Question to Ask the Workplace Doctors about reporting a coworker is lying to get a job: My concern is that if they see me as a snitch, it may affect my getting a position in the reorganized company, nobody likes a snitch. But, I don’t want them to think I was covering up something or covering for her.
The company I work for is going through a major reorganization and the layoffs have started. The person trying to get my job has been reassigned to a new manager, but what she does for work will more than likely be eliminated. As of right now I have not been reassigned. When the new managers came in to meet me for an interview, this woman started telling them how wonderful she is and exaggerated (lied) about what she does.
Bottom line is that she was an admin in my old department who answered the phone and typed UPS labels. Nothing to do with what I do. To this day she has not fessed up and told the new managers that she doesn’t have the qualifications or experience to do the job. Training has started for my position with the new managers, and she has been included, acting like she knows what’s going on.
In addition to this, she has not told her new boss that she lacks the technical skills to perform in her new department. She is lying to everyone! My question is: should I just let it go and watch her fall when she can’t do the job or should I make the managers aware of what’s going on? My concern is that if they see me as a snitch, it may affect my getting a position in the reorganized company, nobody likes a snitch. But, I don’t want them to think I was covering up something or covering for her.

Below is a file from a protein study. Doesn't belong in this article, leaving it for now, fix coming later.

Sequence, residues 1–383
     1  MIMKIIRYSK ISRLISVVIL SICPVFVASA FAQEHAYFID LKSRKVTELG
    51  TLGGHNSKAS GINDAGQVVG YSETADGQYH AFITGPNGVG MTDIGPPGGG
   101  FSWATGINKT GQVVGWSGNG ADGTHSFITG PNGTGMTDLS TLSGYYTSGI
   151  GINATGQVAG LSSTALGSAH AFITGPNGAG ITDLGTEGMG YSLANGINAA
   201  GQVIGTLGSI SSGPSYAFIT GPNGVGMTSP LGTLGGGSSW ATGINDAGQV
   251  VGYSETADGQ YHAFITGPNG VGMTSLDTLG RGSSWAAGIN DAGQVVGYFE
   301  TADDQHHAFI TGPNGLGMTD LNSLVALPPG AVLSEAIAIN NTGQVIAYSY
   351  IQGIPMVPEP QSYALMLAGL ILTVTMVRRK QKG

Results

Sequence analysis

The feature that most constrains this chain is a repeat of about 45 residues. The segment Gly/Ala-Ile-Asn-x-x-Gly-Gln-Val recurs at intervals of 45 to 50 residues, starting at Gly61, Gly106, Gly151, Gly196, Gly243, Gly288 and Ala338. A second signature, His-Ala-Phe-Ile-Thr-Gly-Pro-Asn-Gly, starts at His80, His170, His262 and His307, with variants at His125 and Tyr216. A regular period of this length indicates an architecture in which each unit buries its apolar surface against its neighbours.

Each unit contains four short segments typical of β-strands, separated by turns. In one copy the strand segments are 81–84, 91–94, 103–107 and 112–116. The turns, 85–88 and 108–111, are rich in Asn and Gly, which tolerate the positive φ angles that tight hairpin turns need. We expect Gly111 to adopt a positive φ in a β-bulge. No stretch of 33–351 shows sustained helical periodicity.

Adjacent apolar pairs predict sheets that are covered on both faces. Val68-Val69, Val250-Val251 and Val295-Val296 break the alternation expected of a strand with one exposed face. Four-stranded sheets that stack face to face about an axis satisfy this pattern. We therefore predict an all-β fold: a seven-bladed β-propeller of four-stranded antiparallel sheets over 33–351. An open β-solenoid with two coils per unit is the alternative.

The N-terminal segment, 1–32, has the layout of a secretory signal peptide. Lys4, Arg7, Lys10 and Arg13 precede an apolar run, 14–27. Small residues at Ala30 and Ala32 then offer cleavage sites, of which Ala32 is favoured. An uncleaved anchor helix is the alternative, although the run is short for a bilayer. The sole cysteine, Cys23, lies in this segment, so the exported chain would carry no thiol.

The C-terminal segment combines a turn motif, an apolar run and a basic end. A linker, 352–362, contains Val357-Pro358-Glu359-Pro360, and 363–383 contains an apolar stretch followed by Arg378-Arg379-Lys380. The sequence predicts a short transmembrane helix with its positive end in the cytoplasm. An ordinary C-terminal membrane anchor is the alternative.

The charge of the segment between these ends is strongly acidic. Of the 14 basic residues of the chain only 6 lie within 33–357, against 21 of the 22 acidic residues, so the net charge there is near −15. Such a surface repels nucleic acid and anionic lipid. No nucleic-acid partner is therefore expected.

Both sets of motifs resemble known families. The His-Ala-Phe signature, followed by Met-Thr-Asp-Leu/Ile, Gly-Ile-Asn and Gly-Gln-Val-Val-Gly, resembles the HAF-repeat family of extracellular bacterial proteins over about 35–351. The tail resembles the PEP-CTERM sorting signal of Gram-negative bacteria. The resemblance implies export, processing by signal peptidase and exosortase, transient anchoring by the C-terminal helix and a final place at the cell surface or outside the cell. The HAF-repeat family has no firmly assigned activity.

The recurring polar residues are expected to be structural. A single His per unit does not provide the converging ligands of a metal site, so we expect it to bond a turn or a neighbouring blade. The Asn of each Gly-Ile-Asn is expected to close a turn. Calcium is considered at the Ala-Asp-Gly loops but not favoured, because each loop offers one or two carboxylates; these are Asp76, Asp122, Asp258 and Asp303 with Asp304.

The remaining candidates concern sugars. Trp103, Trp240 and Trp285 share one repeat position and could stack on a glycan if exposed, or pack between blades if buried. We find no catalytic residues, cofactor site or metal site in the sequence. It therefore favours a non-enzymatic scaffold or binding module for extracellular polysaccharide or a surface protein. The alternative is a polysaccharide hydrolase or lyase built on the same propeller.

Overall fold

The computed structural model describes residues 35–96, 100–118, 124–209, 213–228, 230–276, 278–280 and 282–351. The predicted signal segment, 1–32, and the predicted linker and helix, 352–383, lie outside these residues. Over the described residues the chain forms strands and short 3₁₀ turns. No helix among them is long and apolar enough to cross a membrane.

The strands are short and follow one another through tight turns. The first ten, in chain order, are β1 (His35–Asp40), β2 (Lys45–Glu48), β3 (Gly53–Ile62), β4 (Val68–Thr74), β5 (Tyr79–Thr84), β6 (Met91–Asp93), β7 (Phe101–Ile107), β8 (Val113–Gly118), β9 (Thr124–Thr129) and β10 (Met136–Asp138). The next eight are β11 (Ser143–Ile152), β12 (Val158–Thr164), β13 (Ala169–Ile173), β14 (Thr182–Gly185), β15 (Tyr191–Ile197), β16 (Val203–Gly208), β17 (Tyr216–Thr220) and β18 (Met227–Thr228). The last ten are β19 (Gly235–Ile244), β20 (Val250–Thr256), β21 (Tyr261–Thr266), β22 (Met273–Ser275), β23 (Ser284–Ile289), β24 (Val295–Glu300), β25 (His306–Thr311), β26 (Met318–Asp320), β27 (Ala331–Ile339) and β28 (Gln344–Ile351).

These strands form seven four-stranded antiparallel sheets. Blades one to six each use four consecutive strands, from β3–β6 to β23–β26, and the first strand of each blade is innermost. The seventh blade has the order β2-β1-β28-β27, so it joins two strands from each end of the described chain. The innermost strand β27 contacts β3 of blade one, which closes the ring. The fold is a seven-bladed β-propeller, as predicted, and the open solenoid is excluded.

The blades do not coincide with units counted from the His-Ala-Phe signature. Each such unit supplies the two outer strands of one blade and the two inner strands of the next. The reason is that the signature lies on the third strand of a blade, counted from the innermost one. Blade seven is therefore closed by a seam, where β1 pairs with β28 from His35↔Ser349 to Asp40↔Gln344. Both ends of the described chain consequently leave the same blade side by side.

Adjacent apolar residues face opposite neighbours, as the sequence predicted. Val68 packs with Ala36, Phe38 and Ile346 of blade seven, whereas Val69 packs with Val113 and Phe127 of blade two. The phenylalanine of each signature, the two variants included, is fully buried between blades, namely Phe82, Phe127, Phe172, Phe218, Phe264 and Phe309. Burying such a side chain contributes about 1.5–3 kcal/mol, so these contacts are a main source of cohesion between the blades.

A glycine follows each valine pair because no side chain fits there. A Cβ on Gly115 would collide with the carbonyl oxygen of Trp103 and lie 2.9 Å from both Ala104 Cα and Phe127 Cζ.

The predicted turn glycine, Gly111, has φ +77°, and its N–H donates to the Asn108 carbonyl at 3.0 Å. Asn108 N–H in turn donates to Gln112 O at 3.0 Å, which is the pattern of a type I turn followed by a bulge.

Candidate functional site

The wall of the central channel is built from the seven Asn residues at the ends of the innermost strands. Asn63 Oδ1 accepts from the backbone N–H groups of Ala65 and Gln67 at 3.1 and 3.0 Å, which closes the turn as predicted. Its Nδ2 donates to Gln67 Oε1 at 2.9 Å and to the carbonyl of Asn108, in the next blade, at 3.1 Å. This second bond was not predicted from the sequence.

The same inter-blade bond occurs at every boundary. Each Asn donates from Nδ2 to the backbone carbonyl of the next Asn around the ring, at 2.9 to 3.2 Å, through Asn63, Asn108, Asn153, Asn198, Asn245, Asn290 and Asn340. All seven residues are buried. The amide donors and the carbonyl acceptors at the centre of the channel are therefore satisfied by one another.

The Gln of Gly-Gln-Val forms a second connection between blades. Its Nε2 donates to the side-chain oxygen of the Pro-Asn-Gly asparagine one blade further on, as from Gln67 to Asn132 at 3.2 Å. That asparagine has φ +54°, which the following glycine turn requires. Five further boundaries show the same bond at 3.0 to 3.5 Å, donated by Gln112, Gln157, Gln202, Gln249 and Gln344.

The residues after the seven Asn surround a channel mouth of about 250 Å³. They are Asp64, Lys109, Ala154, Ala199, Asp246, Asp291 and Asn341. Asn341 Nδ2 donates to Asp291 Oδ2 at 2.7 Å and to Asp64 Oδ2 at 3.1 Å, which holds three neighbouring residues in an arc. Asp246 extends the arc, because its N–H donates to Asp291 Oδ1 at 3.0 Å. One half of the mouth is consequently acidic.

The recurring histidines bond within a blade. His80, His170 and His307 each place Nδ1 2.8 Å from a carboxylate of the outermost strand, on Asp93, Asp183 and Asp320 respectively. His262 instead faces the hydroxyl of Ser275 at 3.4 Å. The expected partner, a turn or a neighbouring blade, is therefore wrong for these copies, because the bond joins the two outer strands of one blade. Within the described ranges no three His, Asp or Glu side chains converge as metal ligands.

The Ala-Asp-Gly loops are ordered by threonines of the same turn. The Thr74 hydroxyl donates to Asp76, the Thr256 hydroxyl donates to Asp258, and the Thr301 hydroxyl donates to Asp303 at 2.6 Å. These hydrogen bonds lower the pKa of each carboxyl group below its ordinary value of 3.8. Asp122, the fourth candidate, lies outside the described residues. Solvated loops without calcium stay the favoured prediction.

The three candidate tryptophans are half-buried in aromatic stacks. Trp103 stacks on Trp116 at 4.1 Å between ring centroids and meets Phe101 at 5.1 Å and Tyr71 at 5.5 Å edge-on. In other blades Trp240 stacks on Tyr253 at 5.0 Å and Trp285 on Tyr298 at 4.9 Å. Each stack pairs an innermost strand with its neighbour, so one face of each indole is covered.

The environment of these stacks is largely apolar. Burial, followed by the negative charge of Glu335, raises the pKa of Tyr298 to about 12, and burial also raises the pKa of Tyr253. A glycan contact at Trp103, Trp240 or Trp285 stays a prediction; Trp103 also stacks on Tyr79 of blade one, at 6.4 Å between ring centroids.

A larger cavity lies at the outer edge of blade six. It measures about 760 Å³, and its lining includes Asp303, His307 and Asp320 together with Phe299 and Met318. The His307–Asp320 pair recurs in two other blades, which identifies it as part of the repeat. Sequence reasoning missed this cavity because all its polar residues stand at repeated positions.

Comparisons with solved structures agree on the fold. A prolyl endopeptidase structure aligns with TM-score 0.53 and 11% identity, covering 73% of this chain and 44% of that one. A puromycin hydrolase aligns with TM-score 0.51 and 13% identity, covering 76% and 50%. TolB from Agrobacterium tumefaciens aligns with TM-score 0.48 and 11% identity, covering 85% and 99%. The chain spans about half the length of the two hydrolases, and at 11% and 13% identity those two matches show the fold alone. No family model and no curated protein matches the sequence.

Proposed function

You are facing an ethical dilemma, and probably it is not the first one you have encountered or will. However in this case you may be posing the snitch vs. cover up unnecessarily. During the training with the individual whom you say has presented herself as capable when she is lacking, her incompetence should become evident or she will pick up the needed know-how.Are you saying that this woman is competing with you for a job and doing so by fabricating or exaggerating her experience? Should this be the case is it not the responsibility of those who will make the reassignment to learn what she can do rather than for you to take on that role unless invited to argue your capability against hers?
Let’s suppose you decide to reveal what this woman lied about her competence, how will you do that and whom will you tell? Will you do so privately behind her back? Will you do so in writing with specifics? Will you hint about what she doesn’t know in the course of your training? Will you confront her in the presence of the new management? Or will you speak to her privately and threaten to tell unless she “fesses up”? I get the impression that there is worry about jobs being eliminated. This is felt by this woman whom you say misrepresents herself and possibly also on your part. It is a time for you both to soak up as much as you can and to put your best foot forward. It is time of finding a fit within the reorganization and possibly shaping new roles.
Please think positively. I can tell that you are sensitive to organizational politics and that poses the possibility of stepping on others as you climb up or are trying to just survive. I don’t think you want to do that.Hopefully this reorganization will be good for you. Working together with hands, head, and heart takes and makes big WEGOS, and that is an interdependent-mindedness that pays off. Please keep me posted. I am interested in what you choose to do or don’t do and how it works out.